Blogs > Water Quality > 7 Signs of Progress for the Hudson 7

7 Signs of Progress for the Hudson 7

Hudson 7In its first year, the Hudson 7 has taken important steps toward its goal of protecting the source of drinking water for more than 100,000 people: The Hudson River Estuary. May 31 marked the one year anniversary of the signing of the agreement that brought the communities together as the Hudson River Drinking Water Intermunicipal Council.

The council’s members include the City and Town of Poughkeepsie, Village and Town of Rhinebeck, and the Towns of Esopus, Hyde Park and Lloyd. The council has prioritized actions using a report based on Riverkeeper’s Drinking Water Source Protection Scorecard.

Priority concerns identified by the council include the state of water infrastructure, including combined sewer overflows; the risk of spill of crude oil or other hazardous substance; Central Hudson’s remediation of coal tar related to a former manufactured gas plant in Poughkeepsie; disinfection byproducts; and the presence of pharmaceuticals and other unregulated contaminants.

Here’s a look at some of the progress made in the past year on these issues:

Improving water infrastructure. Improving treatment of wastewater is a high priority for source water protection for the communities, as is improving their own drinking water treatment facilities. In 2018, $33 million was committed by state and local governments to improve water or wastewater infrastructure in the Hudson 7 communities and adjacent communities that discharge treated wastewater to the Hudson River or its tributaries.

Minimizing the risk of crude oil spills. The Council had representation in the  Hudson River Oil Spill Risk Assessment Workshop, and on the Hudson River Navigation, Safety and Operations Committee, influential forums where concerns about the risks from transportation of crude oil or other hazardous substances are addressed.

Advocating for broad Source Water Protection planning. One of the primary goals of the Council is to create an actionable plan with state support that can prioritize projects to improve water quality. In June 2018, the Council requested a new Source Water Assessment, to update risk assessments produced by the New York State Department of Health in the early 2000s. In February 2019, the Town of Esopus, on behalf of the Council, applied for support by the state under its new Drinking Water Source Protection Program.

Raising concerns about projects that affect water quality. One of the guiding ideas behind the Council is that the seven communities are stronger when they speak with one voice. The Council used that voice to support water infrastructure investments, and to raise concerns about both an Army Corps of Engineers study that could result in the construction of storm-surge barriers at the mouth of the river, and a Wheelabrator proposal to open a dump for trash incinerator ash in Catskill.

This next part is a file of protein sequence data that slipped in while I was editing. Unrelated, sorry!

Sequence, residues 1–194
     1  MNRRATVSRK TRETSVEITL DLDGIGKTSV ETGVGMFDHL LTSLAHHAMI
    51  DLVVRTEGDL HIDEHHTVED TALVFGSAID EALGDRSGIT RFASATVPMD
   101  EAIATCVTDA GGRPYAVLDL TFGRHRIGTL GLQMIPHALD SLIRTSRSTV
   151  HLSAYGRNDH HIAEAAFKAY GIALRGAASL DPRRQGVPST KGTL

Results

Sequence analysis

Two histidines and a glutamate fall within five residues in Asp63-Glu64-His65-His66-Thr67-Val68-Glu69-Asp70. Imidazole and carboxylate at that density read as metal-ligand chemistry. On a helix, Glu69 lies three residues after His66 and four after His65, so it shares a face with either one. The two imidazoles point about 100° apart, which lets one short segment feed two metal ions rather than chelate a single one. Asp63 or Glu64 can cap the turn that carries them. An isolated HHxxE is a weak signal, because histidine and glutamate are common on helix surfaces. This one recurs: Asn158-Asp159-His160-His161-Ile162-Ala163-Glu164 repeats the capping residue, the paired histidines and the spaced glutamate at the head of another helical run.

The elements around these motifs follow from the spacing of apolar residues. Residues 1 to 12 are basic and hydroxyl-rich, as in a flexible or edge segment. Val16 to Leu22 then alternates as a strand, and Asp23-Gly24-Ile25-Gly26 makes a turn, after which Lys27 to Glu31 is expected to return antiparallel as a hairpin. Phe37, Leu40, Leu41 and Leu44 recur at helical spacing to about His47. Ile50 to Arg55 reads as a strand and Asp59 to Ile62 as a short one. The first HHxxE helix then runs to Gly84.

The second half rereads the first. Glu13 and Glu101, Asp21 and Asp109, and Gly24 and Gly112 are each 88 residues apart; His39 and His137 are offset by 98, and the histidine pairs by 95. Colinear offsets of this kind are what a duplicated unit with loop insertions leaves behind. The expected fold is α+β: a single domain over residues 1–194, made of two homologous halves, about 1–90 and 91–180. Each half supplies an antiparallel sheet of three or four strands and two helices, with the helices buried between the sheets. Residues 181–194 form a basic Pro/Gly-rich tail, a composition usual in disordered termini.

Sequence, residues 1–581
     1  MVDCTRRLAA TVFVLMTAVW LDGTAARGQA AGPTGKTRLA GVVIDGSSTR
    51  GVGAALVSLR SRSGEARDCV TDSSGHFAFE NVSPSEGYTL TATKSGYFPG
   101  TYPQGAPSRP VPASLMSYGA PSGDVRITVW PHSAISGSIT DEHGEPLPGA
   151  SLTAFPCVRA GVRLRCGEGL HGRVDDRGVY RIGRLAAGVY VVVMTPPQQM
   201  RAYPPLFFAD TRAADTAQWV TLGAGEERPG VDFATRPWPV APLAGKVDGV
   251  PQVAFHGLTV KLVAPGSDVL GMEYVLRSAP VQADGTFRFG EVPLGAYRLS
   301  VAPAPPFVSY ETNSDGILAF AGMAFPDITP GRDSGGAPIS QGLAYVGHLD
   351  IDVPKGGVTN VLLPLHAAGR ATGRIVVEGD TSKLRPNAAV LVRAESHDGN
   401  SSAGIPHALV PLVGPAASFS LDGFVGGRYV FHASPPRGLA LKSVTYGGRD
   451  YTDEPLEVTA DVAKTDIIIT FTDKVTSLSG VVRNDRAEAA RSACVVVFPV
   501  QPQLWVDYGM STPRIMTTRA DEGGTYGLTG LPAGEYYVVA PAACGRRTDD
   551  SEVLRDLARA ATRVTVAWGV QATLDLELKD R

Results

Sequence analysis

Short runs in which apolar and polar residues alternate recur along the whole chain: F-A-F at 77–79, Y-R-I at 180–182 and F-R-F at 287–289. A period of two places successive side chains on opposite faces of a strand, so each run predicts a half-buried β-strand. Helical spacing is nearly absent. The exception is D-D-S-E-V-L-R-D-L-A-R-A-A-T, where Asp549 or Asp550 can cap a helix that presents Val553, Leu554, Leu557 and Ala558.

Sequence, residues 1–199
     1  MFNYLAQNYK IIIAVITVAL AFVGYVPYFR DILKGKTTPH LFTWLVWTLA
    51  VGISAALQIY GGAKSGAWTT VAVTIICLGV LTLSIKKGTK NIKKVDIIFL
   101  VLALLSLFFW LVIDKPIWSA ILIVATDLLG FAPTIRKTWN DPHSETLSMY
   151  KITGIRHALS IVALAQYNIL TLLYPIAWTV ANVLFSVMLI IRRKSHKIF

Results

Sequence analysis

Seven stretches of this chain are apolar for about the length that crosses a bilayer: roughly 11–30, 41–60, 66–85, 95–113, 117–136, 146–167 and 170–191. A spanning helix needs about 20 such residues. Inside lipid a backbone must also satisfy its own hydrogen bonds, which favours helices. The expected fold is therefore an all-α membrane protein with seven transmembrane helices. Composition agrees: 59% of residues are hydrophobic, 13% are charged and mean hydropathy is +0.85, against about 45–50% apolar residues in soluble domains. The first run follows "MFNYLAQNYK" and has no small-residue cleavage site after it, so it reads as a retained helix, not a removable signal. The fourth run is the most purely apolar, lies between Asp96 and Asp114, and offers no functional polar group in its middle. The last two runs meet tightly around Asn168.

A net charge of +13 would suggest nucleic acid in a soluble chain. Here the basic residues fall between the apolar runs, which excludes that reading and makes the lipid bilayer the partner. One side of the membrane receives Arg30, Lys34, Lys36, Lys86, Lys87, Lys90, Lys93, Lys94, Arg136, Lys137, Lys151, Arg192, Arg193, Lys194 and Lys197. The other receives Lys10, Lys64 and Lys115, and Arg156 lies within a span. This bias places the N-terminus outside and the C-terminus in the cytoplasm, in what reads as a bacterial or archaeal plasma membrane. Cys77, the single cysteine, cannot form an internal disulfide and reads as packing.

Studying priority water quality concerns. In March 2019, Tighe & Bond presented the results of a first-of-its-kind survey of disinfection byproduct issues facing each of the five treatment plants that serve the Hudson 7 communities. The Council also hosted educational presentations about disinfection byproducts; coal tar; and unregulated contaminants like certain pharmaceuticals, pesticides and industrial compounds.

Local planning to prioritize water protection. Both the Town of Esopus and Town of Poughkeepsie are updating their comprehensive plans and considering change that would improve protection of creeks that flow through their towns to the Hudson. Their work with Riverkeeper on the Hudson 7 has helped to elevate water protection as a concern to be addressed through the master planning process.

Raising awareness about the Hudson as a drinking water supply. The Council launched Hudson7.org, and together with Riverkeeper, has helped many people learn that the Hudson River is not only a recreational, scenic and wildlife asset, but also the source of drinking water for more than 100,000 people. A map of the Hudson River water supply, a film by Jon Bowermaster, Source to Sea, and Mill House Brewing Co.’s Ship Rocked IPA all helped raise awareness about this important fact in the last year.

2 responses to “7 Signs of Progress for the Hudson 7”

  1. […] creek is an important part of the drinking water supply for the Hudson 7 communities, and a 2018 survey developed and distributed by Riverkeeper and partners, including […]

  2. […] Rhinebeck, the Towns of Esopus, Hyde Park, Lloyd, Poughkeepsie, and Rhinebeck — organize as the Hudson River Drinking Water Intermunicipal Council. The focus of the council, called the Hudson 7, is to protect Hudson River water […]

Keep the Hudson River flowing!
Become a Member